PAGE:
The gut and its bacterial flora – its ‘microbiome’ – is receiving a lot of attention from scientists and their findings are being closely followed by the lay press. The skin’s microbiome, too, has become a hot topic among dermatologic researchers, as evidenced by the number of papers and reports dealing with the subject at the 2013 International Investigative Dermatology meeting in Edinburgh. Of these reports, several dealt with the microbiome in atopic dermatitis (or eczema). This is of particular importance to clinical dermatology because infections with Staph. aureus is a common trigger of disease flares among atopics.
Dr. Julie Segre’s laboratory at the National Institutes of Health has pioneering the work on the complexity of the human skin microbiome. She presented an overview of the microbiome on normal and atopic skin. While there is substantial variation from individual to individual in the prevalence of bacterial species and classes on normal skin, these person to person differences are less marked than the regional differences within an individual. Some bacteria flourish in moist areas, like arm pits, while others predominate on oilier facial skin, and still others prefer a dry arm or leg. Many of the bacteria her group has identified in our skin flora were not known to inhabit the skin prior to her studies. This is because earlier work relied upon in vitro culture systems, while her studies are based upon identification of microbial DNA in skin swabs. Clearly, many of the predominant species of normal skin flora do not flourish on agar! Yet, her pioneering work has also confirmed the over-representation of pathogenic strains of Staphylococcus in skin swabs from all sites in people with atopic dermatitis. Overload with Staphylococcus aureus on atopic skin and its frequent role in disease flares has been recognized for decades, but the reasons for this are only beginning to be understood.
In recent years, the basis for S. aureus overgrowth in atopic skin has been attributed to the overproduction of cytokines derived from Th-2 lymphocytes. One of these ‘bad actors’, the cytokine IL-4, decreases the production of two important epidermal antimicrobial peptides, human beta-defensin 2 and the cathelicidin peptide, LL-37 – which both are needed to ward off bad bacteria. But now, it appears that the antimicrobial defenses of the skin are complex, and several different abnormalities may be interacting to produce the propensity for staph infections in atopics.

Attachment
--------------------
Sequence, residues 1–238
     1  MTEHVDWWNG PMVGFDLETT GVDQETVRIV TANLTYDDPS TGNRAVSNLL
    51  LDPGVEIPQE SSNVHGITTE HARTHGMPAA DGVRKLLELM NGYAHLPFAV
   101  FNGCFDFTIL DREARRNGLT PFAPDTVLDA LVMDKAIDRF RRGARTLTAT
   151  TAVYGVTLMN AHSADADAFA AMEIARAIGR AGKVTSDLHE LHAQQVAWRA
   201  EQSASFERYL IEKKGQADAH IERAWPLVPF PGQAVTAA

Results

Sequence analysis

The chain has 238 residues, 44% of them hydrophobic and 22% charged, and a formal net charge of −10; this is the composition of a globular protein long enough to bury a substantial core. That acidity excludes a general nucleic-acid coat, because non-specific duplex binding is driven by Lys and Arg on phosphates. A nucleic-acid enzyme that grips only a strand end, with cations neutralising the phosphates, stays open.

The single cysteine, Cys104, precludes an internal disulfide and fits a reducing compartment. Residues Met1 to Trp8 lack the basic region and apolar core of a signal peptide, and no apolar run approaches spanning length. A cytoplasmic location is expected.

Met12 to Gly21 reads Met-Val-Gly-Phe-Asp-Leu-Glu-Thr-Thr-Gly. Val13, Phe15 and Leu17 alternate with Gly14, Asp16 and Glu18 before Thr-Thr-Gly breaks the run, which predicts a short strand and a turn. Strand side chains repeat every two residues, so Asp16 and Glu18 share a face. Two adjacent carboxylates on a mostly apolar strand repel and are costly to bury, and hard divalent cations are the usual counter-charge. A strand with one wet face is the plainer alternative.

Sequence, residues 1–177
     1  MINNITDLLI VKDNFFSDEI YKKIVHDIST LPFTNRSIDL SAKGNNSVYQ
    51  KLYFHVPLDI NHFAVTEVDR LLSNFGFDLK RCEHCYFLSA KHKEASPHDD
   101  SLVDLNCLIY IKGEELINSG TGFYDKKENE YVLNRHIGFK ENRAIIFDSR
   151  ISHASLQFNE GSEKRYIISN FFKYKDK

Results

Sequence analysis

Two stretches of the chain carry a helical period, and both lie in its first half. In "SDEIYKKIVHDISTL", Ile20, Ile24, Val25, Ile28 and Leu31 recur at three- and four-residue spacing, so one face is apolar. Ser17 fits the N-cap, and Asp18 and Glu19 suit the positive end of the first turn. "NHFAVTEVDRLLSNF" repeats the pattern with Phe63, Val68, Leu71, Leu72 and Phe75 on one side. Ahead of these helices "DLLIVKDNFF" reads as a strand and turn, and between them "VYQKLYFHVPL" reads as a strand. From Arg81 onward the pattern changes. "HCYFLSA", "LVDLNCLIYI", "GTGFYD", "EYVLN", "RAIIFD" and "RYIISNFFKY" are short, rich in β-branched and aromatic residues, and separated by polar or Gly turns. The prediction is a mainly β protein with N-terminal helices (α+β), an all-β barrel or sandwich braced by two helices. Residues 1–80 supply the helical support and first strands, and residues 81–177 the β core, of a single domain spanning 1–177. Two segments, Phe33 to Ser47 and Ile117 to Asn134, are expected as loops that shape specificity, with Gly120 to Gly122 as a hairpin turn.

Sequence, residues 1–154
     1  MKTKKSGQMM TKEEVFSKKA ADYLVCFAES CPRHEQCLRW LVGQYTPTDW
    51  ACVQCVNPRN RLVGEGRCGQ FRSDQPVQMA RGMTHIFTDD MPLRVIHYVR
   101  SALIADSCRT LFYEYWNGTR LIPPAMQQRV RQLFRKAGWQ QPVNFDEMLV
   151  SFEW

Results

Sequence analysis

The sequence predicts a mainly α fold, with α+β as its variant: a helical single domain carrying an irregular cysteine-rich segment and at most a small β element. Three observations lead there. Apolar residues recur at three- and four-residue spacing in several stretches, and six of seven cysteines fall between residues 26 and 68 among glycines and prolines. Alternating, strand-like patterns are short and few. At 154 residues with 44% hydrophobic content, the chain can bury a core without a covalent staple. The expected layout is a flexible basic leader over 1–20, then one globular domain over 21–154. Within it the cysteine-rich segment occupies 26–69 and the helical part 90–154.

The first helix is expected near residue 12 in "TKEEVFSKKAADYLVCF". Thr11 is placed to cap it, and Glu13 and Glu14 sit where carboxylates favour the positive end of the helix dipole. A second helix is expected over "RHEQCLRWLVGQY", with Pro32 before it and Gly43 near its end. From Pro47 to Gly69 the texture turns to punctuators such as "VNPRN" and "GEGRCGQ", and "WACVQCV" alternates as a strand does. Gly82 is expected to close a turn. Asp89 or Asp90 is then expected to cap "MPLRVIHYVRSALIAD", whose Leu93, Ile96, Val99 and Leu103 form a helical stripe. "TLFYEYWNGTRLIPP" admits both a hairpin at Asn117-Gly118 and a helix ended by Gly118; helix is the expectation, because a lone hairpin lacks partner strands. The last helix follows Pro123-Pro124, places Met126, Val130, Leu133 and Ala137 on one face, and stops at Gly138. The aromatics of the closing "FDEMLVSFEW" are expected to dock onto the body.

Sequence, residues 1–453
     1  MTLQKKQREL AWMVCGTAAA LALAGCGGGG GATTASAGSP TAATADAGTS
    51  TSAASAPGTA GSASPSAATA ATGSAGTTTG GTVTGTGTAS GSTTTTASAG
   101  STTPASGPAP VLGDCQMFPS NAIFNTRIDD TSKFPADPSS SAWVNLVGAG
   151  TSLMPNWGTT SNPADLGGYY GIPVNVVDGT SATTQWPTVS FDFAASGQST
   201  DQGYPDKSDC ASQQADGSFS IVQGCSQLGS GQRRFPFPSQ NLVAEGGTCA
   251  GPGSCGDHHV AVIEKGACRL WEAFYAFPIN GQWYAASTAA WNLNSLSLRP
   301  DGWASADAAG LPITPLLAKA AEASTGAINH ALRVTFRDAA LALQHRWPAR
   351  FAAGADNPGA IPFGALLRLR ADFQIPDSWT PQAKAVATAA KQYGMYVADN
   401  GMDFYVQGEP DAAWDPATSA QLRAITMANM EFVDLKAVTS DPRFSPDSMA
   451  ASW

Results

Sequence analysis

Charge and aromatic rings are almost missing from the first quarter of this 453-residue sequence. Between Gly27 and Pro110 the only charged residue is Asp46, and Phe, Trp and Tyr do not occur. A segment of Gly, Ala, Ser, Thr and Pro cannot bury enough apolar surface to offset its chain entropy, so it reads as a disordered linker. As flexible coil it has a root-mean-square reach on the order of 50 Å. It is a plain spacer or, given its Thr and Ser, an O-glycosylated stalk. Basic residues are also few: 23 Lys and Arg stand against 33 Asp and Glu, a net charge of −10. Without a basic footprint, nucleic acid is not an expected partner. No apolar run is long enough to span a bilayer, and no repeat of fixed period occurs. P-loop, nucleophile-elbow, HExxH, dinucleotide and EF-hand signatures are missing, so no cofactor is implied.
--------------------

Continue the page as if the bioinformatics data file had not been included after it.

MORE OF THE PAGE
In a talk on the antimicrobial peptides of skin, Dr. Jens Schroeder from the University of Kiel, Germany, discussed an important role of the normal flora through their own production of peptides that inhibit the growth of pathogenic bacteria, like Staph. He also reported his intriguing observation of remarkable similarities between the amino acid composition of portions of some corneocyte proteins, such as filaggrin, and some of these antimicrobial peptides produced by the normal flora. He proposed that when filaggrin is degraded in the stratum corneum into smaller units, these bacteria may utilize some of these fragments to synthesize their antimicrobial peptides. If this proves to be true, it would constitute a remarkable example of consensual evolution, with the skin providing its favored resident bacteria with the building blocks that they need to generate antimicrobial molecules that protect the skin from disease-causing bacteria, and at the same time ensure the good bacteria of a foothold on their favored soil.
Schroeder’s hypothesis could also provide another mechanism underlying the prevalence of Staph. aureus. Atopics have a deficiency of filaggrin – as a result of one of several common genetic mutations, particularly prevalent among northern Europeans, and/or because the ‘bad’ Th2-derived cytokines also decrease filaggrin synthesis. This filaggrin deficiency could set up the skin of people with atopic dermatitis for weakened antimicrobial defenses against the ‘bad bugs.’ Unable to feed the good, normal skin flora the precursor protein pieces they need to generate their own territory-defending antimicrobial peptides, atopic skin would then be a sitting duck for pathogenic staph in the environment. While this story is still in an early phase of discovery, the concept is most intriguing.
Dr. Richard Gallo and his colleagues at the University of San Diego reported other features of the relationship between the normal flora and colonizing pathogens. Previously, they determined that certain members of the normal flora stimulate the production of the antimicrobial peptide, LL-37. Now, they show that one previously overlooked member of the normal flora, Staphylococcus hominis, produces at least two new antimicrobial peptides that exhibit strong activity against S. aureus. This mechanism likely contributes to the ability of the normal flora to fend off potential invaders. But as S. aureus begins to replace S. hominis on atopic skin, production of these two helpful proteins almost certainly would cease. This may be what tips the balance in some patients from colonization by S. aureus to overt skin infection and the concomitant disease flares.
Bottom Line: Together, these studies now provide several mechanisms (in addition to a defective skin barrier itself, which is undoubtedly contributes to impaired antimicrobial defense) that help to explain the unfortunate tendency for atopic dermatitis skin to be readily colonized, and not infrequently invaded by S. aureus.